Climate Scorecard evaluates the climate change plans for 24 major countries. For instance, on its scorecard, Turkey is rated at 0%, or “Needs Improvement,” the US gets a 50% grade for “Some Progress,” and the European Union is given a core of 100%, or “Right Direction.” Periodic reports are issued, including instances when “country managers” take stock of climate-related loss and damage in their countries. The site also posts stories about individual countries. You can sign up for monthly updates.
Climate Transparency focuses on the Group of 20 developed countries and produces annual reviews, like its Climate Transparency Report 2022. Also, look at detailed country profiles. Similar profiles have been created for seven non-G-20 countries: Bangladesh, Colombia, Nepal, Nigeria, Pakistan, the Philippines, and Vietnam. Climate Transparency is supported by the German government and others.
Pledge Pipeline by the UN Environment Programme (UNEP) is “based on NDCs and other documents submitted by governments.” Detailed information is displayed on an Excel spreadsheet. Separately, UNEP’s Climate Initiatives Platform (CIP) “collects information on climate initiatives driven by non-state actors such as businesses and cities.”
UNEPs’ annual Emissions Gap Report summarizes the progress of G-20 members towards meeting their targets and provides extensive summaries of possible policy actions.
The NDC Explorer summarizes the NDCs using “70 subcategories related to mitigation, adaptation, finance and support, planning and process,” and more. Comparing countries is possible. The resource is sponsored by the German and Swedish governments.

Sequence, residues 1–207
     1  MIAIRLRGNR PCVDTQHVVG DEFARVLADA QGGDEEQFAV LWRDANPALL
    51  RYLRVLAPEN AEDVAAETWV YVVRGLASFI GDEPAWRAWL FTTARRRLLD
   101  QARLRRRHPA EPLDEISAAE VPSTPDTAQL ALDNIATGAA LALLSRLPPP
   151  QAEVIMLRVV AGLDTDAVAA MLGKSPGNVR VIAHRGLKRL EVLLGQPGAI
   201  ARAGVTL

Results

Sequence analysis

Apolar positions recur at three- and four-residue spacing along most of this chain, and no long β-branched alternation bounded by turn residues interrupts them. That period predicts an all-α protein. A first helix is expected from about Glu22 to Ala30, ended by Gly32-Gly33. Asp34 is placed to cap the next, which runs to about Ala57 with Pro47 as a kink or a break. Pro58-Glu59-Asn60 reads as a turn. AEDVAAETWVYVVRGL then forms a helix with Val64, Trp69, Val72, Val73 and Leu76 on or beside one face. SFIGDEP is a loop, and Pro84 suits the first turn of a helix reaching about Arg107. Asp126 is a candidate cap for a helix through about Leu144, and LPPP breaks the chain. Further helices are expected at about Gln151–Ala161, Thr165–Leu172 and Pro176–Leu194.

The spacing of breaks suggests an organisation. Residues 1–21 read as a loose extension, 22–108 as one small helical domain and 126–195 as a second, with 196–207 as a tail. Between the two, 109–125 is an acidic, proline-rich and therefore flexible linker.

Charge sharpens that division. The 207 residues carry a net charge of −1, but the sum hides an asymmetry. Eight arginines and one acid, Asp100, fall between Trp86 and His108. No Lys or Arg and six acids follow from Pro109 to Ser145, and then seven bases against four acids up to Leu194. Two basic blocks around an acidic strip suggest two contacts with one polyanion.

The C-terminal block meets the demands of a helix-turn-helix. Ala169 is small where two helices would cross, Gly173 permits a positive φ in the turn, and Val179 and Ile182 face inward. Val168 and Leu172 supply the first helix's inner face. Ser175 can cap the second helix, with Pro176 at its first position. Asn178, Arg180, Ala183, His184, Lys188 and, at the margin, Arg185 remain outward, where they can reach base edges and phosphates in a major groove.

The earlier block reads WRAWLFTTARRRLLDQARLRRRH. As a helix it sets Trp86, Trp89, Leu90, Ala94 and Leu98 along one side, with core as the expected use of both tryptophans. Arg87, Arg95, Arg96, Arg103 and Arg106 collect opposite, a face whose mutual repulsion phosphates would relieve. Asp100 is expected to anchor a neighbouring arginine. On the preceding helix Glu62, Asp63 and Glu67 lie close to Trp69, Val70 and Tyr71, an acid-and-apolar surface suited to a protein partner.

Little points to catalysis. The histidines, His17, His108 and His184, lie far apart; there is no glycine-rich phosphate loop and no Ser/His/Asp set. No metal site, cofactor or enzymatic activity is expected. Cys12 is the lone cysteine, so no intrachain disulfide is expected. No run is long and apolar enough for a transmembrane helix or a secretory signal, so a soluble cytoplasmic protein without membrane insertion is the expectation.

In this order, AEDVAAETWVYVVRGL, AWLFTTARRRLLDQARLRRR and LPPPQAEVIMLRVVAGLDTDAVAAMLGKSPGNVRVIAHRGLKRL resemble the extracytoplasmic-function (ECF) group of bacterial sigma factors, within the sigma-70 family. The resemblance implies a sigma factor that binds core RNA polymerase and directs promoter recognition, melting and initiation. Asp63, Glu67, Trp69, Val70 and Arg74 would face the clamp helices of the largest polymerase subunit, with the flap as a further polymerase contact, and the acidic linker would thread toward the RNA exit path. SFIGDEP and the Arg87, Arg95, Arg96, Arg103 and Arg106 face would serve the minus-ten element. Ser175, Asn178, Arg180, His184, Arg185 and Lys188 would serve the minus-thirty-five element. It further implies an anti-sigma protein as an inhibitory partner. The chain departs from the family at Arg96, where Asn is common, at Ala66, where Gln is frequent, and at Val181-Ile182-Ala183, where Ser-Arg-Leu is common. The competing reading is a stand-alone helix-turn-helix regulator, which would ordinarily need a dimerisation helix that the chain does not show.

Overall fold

The International Monetary Fund’s (IMF) Climate Change Dashboard has multiple features with individual country pages that begin with a graphic showing “Reported GHG Emissions vs. Nationally Determined Contribution (NDC) targets.” The supporting data is downloadable. The IMF site has other data of possible interest, such as “Environmental Taxes as a Share of GDP.” IMF’s Experimental SEEA Based Quarterly Air Emissions Accounts shows annual and seasonally adjusted quarterly greenhouse gas emissions resulting from each country’s economic activity. SEEA stands for the System of Environmental-Economic Accounting.
The Africa Nationally Determined Contributions (NDC) Hub summarizes the NDCs of 56 countries on that continent. The Africa NDC Hub is administered by a technical committee and managed by a secretariat hosted at the African Development Bank.